The same goes for the Apple HomePod. The Siri speaker was slated for a 2017 introduction but is now supposed to debut early in 2018. Like the Google Home Max, the $350 device is being positioned as premium audio product, with a premium price to match.

More 'Hearables'

The headphone industry has been rolling out a new piece of jargon in recent years. The word “hearables” isn’t clearly defined, but it refers to headphones that perform digital magic beyond playing music.

A number of these work as fitness trackers. For instance, the Jabra Elite Sport and Jabra Sport Coach both count exercise reps and steps, and talk you through your workout while running through your playlist. Along with several other headphones, the Elite Sport has a heart-rate sensor. And more choices for fitness-tracking headphones are coming in 2018, analysts predict. 

In addition, a number of headphones now offer customized noise cancelation. The highly rated Bose QuietControl 30 and Sony MDR-1000X headphones, launched in 2016, were two of the first headphones to let users adjust the level of noise cancelation, making it easier to hear airport announcements or sirens, for instance. More of these headphones came on the market in 2017, and their ranks are likely to grow in 2018.

A more cutting-edge “hearable” feature is translation between languages. Along with conventional tasks, the Google Pixel Bud can work with the company’s Pixel phones to provide translations of simple conversations among dozens of languages. “And I think you’ll see [more translation products] showcased this year,” says Blau, the Gartner analyst. 

Some manufacturers, such as Nuheara with its IQbuds, also claim their products are useful simply for filtering out background noise and making it easier to hear conversations. Such products “could be almost like hearing aids for people who can hear fine,” says Arnold, the NPD Group analyst.

And they’ll join other products already blurring the boundary between entertainment and hearing enhancement. Some sound bars and TV settings are meant to make it easier to hear television dialog. And many prescription hearing aids can access music streaming services through a Bluetooth connection to the user’s phone.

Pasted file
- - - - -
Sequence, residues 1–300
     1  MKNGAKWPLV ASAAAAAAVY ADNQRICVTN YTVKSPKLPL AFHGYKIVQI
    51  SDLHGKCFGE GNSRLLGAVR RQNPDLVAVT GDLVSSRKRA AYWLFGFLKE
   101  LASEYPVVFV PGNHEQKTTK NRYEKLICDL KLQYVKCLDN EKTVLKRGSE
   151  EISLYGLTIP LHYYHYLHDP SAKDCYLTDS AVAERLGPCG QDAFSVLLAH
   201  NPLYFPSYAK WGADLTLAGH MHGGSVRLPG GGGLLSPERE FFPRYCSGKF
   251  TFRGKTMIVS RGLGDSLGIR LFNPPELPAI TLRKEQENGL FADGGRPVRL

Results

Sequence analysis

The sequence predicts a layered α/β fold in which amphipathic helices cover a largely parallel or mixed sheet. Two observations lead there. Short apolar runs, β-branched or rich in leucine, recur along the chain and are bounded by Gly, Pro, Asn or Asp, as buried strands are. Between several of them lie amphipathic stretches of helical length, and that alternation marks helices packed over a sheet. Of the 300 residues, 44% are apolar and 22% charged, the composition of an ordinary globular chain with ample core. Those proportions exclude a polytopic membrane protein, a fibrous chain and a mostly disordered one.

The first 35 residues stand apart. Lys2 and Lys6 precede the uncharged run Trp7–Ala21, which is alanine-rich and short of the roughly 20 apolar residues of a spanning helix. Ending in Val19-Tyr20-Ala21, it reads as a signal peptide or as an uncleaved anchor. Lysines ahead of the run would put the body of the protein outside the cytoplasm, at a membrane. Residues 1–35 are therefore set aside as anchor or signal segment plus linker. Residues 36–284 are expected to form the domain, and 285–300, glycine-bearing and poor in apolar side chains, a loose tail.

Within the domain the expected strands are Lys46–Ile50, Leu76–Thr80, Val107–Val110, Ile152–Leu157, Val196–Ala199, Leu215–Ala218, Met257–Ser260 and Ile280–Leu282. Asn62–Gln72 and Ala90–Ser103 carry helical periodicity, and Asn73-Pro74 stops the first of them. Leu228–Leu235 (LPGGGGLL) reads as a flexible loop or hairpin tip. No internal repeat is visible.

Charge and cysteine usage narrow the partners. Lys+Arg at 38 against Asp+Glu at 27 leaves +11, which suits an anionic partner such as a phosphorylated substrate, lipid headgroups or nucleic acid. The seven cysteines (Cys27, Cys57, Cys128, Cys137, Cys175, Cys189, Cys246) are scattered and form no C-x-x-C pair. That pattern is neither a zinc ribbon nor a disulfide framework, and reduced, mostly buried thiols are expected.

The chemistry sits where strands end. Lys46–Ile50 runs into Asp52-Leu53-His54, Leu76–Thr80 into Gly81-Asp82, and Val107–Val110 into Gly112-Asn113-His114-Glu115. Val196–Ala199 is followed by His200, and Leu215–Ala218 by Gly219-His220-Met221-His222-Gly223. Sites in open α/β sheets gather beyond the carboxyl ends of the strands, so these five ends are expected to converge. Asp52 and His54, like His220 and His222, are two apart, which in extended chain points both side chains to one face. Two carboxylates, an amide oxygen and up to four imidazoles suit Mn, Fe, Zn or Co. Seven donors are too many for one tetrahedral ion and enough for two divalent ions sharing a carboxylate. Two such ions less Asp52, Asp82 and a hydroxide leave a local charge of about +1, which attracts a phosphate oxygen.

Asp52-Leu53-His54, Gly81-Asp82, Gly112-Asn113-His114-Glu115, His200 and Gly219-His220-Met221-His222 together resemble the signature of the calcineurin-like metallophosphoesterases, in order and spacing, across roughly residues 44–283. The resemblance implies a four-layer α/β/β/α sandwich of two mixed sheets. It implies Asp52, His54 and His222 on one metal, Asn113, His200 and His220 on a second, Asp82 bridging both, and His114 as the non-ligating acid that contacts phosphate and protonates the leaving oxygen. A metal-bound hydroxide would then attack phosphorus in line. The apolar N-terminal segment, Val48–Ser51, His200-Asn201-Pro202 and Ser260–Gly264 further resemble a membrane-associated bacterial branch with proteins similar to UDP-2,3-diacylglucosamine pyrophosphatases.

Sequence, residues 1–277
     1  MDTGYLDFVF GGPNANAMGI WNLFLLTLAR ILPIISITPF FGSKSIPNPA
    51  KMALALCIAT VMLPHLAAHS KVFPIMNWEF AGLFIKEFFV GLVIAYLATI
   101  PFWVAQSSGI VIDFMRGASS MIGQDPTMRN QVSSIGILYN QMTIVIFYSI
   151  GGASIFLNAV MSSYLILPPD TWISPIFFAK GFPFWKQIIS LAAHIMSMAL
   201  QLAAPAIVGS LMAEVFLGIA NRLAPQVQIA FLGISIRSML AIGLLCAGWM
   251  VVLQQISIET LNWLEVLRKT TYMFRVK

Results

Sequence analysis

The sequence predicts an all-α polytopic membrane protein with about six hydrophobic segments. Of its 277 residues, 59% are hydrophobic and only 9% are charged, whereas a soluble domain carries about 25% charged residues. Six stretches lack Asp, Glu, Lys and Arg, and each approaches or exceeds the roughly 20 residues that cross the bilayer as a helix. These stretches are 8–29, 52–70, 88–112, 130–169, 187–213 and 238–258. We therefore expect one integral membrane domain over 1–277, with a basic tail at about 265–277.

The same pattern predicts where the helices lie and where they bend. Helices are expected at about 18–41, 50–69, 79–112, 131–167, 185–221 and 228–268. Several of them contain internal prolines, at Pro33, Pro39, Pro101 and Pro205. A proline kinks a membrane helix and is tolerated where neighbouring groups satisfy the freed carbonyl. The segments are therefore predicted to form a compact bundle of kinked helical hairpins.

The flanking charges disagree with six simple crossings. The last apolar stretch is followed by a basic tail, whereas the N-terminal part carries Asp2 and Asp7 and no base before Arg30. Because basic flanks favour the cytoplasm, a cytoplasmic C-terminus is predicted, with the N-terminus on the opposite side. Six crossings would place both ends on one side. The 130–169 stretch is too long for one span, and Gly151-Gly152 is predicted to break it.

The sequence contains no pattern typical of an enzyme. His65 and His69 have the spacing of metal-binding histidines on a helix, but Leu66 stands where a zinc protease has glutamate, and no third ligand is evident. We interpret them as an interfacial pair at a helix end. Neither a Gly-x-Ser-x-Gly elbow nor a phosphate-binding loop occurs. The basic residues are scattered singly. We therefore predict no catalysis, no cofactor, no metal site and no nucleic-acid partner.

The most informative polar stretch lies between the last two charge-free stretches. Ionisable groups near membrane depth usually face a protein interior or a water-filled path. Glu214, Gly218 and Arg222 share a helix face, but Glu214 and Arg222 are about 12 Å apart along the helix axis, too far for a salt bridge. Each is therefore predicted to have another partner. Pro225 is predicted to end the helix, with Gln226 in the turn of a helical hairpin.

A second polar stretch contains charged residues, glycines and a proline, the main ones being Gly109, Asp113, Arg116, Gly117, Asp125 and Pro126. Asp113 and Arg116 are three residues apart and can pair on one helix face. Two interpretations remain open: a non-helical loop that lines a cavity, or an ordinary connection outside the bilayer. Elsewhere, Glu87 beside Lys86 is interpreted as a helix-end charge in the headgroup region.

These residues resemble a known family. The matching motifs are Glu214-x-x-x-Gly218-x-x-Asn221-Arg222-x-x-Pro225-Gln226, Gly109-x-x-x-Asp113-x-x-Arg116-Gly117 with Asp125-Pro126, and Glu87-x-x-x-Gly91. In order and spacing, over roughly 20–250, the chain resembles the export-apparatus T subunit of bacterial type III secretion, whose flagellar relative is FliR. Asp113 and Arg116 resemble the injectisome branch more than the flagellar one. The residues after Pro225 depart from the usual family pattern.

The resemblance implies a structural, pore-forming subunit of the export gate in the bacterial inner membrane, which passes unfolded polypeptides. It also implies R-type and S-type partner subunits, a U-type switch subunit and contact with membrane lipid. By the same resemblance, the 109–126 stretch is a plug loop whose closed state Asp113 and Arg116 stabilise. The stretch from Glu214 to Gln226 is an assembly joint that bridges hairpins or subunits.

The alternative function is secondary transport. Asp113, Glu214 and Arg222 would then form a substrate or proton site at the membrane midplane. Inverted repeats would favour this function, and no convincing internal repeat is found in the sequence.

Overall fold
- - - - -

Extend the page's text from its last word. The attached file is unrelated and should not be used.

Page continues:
Decline of the Wire

If you go shopping for headphones in 2018, there’s a good chance you’ll end up with a wireless model, one that connects to your phone by Bluetooth.

“They’re taking over the category, because in 2017 we’ve seen even more companies remove headphone jacks from smartphones,” says Ross Rubin, principle analyst for Reticle Research, a market research firm.

Taking that trend a step further, look for more truly wireless earbuds, such as the Apple AirPod, Bluetooth models where the earpieces aren’t even tethered to each other. There were just a handful of truly wireless models available in 2017, but that’s likely to change in 2018.

“I think we’ll all benefit from fewer wires in our lives,” Blau says. “They get in the way, they tangle, and they break.”

Audio companies hope that new wireless models, along with “hearable” technology, will persuade consumers to amass a personal quiver of headphones.

“I’ve got a pair for my office, a pair for exercise, and a pair for the plane, and they don’t cross over,” Arnold says. “Apple, Beats, and Sony are trying to tell that story that you need different headphones for different listening environments.” 

Whether that’s true, of course, is up to consumers.